Always an advocate for integrating the arts into the curriculum, University of Hawaiʻi at Mānoa College of Education Institute for Teacher Education (ITE) instructor Cheryl Treiber-Kawaoka, has been named the 2021 Hawaiʻi Art Education Association (HAEA) Art Educator of the Year. Treiber-Kawaoka recently retired after more than 20 years with UH. She will be recognized at the National Art Education Association annual conference in March.
“Cheryl’s commitment to advancing art education in Hawaiʻi, despite the decrease of art in our public schools, has always left a lasting impression on our elementary teacher candidates,” said ITE Elementary Education Program Director Kuʻulei Serna. “Her fervor and quality instruction has motivated and empowered our candidates to incorporate the arts into their teaching.”
Starting as a theater instructor at the University Laboratory School in 2000, Treiber-Kawaoka joined ITE Elementary in 2004, teaching visual and performing arts classes. She also supervised general education students in the field. In 2015, she began working with ITE Secondary where she taught visual arts methods courses and served as a university art and dance coordinator.
“This award is really an acknowledgement of the huge impact the College of Education has on the field of art education,” Treiber-Kawaoka said. “During this pandemic, we see that the arts have a very important role to play bringing learning to life through arts integration and through art for social-emotional health. I think more than anything, my talent is inspiring others to be their own unique kind of art teacher and to realize how important their work is for the keiki.”
As an art therapist, Treiber-Kawaoka worked at Gallaudet Pre-College before moving to Saipan where she began her journey as an art educator, teaching students from elementary to junior college. Later, she was the arts curriculum specialist for the Marianas Islands, writing their first standards-based art curriculum. A 2019 >COE nominee for the UH Excellence in Teaching Award, she helped advocate for a teaching license in dance with the Hawaiʻi Teacher Standards Board.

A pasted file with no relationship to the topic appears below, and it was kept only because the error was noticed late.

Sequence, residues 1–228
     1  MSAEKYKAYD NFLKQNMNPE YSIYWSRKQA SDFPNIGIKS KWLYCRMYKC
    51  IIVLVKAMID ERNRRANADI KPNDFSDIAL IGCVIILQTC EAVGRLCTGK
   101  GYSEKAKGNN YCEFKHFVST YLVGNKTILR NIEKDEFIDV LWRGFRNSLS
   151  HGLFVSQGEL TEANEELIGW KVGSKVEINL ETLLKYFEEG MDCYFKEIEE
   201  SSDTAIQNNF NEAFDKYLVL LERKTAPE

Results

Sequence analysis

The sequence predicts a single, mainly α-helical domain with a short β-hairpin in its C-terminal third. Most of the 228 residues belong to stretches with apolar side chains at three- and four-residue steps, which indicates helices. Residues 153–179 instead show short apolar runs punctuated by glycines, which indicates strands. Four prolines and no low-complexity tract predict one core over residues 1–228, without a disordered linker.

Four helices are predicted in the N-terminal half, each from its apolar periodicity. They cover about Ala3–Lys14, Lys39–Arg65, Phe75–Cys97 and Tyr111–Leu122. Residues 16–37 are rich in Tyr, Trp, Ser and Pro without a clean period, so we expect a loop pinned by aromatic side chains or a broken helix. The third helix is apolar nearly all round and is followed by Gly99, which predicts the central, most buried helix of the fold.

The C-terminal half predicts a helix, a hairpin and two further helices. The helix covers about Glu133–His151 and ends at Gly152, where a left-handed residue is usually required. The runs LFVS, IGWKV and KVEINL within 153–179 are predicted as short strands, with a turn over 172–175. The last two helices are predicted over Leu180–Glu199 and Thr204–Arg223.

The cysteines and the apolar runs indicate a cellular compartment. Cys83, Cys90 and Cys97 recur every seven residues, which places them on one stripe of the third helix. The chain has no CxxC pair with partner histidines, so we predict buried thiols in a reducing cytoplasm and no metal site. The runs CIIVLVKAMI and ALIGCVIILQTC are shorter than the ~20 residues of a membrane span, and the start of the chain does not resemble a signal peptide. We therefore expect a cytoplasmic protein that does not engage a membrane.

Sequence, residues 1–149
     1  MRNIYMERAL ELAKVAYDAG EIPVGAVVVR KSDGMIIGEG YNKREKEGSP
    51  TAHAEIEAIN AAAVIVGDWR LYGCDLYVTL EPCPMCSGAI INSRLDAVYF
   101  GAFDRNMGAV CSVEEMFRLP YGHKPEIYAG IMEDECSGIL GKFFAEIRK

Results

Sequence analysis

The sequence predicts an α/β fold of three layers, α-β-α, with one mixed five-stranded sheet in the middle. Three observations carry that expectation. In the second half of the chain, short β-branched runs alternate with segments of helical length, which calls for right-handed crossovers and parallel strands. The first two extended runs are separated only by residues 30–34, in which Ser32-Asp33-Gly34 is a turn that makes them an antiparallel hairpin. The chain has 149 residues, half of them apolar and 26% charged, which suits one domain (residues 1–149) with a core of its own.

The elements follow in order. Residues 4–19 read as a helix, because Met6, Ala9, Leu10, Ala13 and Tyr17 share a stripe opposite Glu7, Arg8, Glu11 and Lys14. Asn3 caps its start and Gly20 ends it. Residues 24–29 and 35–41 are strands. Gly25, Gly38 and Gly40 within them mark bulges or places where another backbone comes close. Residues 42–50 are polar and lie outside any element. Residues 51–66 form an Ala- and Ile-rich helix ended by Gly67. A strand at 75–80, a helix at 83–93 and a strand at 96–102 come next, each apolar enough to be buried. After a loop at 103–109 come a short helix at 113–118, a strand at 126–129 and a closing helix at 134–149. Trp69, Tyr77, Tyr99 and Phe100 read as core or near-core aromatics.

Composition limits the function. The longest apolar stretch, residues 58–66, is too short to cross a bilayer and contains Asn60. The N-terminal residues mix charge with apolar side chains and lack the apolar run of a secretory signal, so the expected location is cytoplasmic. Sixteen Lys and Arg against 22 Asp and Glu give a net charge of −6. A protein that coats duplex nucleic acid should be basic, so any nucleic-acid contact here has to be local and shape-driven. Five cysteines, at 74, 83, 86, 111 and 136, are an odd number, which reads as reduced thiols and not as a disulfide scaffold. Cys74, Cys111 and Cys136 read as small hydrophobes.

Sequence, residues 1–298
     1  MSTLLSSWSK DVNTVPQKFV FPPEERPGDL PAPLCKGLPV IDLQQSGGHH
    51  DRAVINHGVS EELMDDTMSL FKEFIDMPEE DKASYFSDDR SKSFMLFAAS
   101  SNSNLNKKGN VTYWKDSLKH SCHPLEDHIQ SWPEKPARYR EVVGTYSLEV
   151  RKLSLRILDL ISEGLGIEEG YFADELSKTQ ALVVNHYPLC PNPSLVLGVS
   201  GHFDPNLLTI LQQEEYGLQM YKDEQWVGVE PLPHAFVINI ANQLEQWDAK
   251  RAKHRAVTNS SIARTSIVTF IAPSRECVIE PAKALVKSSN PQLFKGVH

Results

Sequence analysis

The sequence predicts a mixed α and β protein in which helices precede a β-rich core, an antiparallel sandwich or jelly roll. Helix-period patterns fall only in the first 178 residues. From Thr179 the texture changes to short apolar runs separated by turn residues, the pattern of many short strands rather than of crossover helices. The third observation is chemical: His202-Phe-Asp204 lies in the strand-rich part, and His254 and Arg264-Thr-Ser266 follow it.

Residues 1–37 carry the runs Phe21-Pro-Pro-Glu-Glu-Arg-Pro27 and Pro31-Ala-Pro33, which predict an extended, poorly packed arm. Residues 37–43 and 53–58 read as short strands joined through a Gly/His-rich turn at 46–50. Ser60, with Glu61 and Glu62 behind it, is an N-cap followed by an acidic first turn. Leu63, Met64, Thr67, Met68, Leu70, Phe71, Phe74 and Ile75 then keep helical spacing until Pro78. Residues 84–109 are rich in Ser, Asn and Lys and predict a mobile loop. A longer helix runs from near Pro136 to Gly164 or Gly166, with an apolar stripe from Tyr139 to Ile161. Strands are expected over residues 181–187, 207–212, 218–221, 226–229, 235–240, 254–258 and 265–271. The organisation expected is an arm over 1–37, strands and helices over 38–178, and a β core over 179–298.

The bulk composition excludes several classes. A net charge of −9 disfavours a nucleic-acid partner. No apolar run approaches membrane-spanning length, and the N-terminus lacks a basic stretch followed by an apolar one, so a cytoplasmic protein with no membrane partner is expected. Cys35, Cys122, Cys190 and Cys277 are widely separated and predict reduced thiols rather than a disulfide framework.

ITE Secondary Education Program Director Charlotte Frambaugh-Kritzer said, “I was not surprised to hear that Cheryl won this award. I had the opportunity to observe her Performing Arts class for an entire semester (for a research project), and I can attest that her instruction is exceptional and inspirational. She fully deserves this award.”
In her retirement, Treiber-Kawaoka says she hopes to return to her roots in art therapy and explore the intersection of art and spirituality, as well as the joy and wisdom in the art of improvisation.
This recognition is an example of UH Mānoa’s goal of Enhancing Student Success (PDF), one of four goals identified in the 2015–25 Strategic Plan (PDF), updated in December 2020.